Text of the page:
Returning particularly to FIG. 1, a motor drive A 213 receives input PA and provides motor drive pulses through terminals OA1, OA2 to coil 3b of step motor A 3. A motor drive B 214 receives signal PD and produces a motor drive pulse through terminals OB1, OB2 to coil 15b of step motor B 15. Motor drive C 215 receives an input PC and Pf from chronograph circuit 211 and produces a motor drive pulse through terminals OC1, OC2 to coil 27b of step motor C 27. Motor drive D 216 receives an input PD and provides a motor drive pulse across output terminals OD1, OD2 to coil 32d of step motor D 32.

An input control and reset circuit 217 processes respective switch inputs applied through terminals A, B, C, D, RA1, RA2, RB2 and processes respective input applied through input terminals K, T and R. An input is applied through any of switch terminals A, B, C, D or any one of switch terminals RA1, RA2 and RB1, RB2 and a switch interrupt Swint is output. When this occurs, interrupt factors are read and reset in accordance with controls provided by the software. Each input terminal is normally brought to Vss and the data is set at 0 when in the open state and is set to 1 when connected to Vdd.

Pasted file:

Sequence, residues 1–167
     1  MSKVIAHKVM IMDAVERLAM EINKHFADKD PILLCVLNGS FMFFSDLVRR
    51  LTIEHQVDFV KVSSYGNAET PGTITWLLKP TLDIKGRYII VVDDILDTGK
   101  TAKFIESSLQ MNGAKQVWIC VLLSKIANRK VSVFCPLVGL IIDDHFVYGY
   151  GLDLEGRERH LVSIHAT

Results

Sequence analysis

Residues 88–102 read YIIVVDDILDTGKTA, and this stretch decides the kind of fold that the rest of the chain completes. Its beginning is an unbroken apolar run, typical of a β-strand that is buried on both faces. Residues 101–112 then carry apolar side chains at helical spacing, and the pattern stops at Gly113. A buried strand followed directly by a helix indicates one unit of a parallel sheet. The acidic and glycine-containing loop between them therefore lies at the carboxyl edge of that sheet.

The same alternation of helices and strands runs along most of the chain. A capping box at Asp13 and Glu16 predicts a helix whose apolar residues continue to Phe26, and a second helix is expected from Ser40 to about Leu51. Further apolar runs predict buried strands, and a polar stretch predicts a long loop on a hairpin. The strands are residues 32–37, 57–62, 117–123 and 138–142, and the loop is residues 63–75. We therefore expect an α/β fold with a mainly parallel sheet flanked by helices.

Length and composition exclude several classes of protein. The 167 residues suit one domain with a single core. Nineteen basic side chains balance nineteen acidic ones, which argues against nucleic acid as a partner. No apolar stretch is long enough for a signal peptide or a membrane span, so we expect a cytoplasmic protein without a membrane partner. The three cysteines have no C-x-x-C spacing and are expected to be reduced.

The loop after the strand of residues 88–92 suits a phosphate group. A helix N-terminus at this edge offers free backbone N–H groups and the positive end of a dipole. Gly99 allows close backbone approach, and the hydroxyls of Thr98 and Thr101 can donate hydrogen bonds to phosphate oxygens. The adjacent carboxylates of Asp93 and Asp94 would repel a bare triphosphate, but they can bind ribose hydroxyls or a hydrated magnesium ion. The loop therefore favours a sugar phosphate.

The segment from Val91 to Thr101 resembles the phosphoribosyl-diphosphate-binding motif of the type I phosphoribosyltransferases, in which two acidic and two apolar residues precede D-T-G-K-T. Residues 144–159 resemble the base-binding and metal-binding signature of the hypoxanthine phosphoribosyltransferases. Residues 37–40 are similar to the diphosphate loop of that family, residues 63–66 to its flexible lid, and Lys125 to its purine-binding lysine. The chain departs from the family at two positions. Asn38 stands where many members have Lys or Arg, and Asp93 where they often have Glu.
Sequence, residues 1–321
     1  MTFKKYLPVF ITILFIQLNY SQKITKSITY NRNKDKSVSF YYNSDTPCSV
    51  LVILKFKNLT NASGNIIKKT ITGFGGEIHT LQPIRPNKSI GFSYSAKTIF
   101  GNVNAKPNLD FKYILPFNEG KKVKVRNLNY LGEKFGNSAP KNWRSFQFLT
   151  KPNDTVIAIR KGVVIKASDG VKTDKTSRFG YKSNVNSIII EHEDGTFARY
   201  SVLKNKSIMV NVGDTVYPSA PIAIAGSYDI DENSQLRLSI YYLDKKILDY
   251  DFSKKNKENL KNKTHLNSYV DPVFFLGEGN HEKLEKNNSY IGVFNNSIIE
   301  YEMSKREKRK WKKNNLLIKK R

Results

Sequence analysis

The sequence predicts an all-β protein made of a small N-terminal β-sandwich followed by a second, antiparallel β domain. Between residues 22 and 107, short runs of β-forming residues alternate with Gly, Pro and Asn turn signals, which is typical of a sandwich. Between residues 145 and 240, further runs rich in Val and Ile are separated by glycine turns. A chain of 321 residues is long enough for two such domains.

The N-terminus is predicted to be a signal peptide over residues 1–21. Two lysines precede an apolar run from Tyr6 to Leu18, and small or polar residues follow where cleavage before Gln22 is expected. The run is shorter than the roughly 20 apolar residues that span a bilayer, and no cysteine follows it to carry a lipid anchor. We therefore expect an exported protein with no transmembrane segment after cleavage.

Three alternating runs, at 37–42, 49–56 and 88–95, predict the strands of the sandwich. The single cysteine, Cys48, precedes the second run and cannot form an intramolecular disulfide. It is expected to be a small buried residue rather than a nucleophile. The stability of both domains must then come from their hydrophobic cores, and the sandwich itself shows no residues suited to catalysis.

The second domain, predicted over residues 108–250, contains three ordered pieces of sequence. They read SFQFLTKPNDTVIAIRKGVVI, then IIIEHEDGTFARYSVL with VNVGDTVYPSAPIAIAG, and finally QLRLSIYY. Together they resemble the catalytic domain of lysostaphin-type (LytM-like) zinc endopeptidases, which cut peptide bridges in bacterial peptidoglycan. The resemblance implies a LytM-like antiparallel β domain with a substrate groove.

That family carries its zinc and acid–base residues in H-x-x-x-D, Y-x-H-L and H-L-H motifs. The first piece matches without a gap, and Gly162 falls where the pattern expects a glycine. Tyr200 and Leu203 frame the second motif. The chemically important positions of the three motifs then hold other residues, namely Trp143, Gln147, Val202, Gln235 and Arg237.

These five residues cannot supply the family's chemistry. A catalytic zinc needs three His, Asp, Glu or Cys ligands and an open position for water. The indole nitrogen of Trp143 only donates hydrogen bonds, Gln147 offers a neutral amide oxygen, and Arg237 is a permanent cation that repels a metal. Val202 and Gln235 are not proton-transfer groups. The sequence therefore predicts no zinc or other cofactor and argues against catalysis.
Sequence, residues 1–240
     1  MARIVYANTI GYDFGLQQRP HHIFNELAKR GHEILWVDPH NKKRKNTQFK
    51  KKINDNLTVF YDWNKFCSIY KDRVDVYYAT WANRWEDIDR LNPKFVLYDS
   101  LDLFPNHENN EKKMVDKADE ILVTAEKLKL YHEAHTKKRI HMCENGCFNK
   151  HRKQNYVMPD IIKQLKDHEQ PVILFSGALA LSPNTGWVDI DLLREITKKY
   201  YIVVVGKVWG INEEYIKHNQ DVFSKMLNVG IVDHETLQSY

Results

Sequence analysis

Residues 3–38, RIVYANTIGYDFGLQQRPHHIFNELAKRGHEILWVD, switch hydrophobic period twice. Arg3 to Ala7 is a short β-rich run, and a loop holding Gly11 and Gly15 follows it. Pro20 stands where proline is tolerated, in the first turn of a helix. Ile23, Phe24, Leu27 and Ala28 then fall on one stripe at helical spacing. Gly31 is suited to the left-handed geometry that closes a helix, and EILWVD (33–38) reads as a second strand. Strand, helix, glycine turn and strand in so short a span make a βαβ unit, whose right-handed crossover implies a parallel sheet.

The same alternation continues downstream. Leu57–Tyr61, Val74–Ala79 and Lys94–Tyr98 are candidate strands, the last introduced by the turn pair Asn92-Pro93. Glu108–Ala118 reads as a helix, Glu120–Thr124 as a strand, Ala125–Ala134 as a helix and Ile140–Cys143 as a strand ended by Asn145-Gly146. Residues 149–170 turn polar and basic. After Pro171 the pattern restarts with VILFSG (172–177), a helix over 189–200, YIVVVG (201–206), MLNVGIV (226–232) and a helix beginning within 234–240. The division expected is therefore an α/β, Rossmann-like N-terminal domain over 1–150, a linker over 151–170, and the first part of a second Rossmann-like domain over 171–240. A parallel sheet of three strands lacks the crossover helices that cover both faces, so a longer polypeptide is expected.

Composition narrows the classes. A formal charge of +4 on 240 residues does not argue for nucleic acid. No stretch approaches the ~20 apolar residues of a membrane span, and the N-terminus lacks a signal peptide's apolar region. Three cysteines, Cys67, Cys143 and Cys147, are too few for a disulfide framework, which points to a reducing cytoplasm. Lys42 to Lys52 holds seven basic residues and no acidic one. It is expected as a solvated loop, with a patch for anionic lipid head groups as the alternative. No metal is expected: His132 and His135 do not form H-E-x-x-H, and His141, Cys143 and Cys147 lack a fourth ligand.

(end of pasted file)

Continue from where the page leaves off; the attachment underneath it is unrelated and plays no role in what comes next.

Terminal K is a specification switching terminal which allows the selection of either one of two types of specification as dependent on data applied at terminal K. The reading of data at terminal K is executed under control of the software. Terminal R is a system reset terminal. When terminal R is connected to VDD, the hardware is forced to initialize core CPU 201, frequency divider circuits 208, 209 and the other peripheral circuits.

Terminal T is a test mode conversion terminal. When the clock is input to terminal T with RA2 terminal kept connected to VDD, the peripheral circuit can be tested in any one of 16 test modes. The principle test modes include a forward drive I verification mode, a forward drive II verification mode, a backward drive I verification mode, a backward drive II verification mode, a correction drive verification mode and a chronograph 1/100 second verification mode. In these verification modes, the relevant motor drive pulses are automatically issued to the output terminal of the respective motor drive pulses.

System reset can also be affected with simultaneous application of switch inputs other than connecting terminal R2 to VDD. The present integrated circuit is arranged so that a system reset may be forcibly implemented by the hardware upon simultaneous input through inputs A and C, B and RA2, as well as through any one of A, B and C, RA2 and RB2. There is also a frequency divider circuit reset and a peripheral circuit reset as reset functions which can be processed under software control. When the peripheral circuit reset is performed, the frequency divider circuits are reset.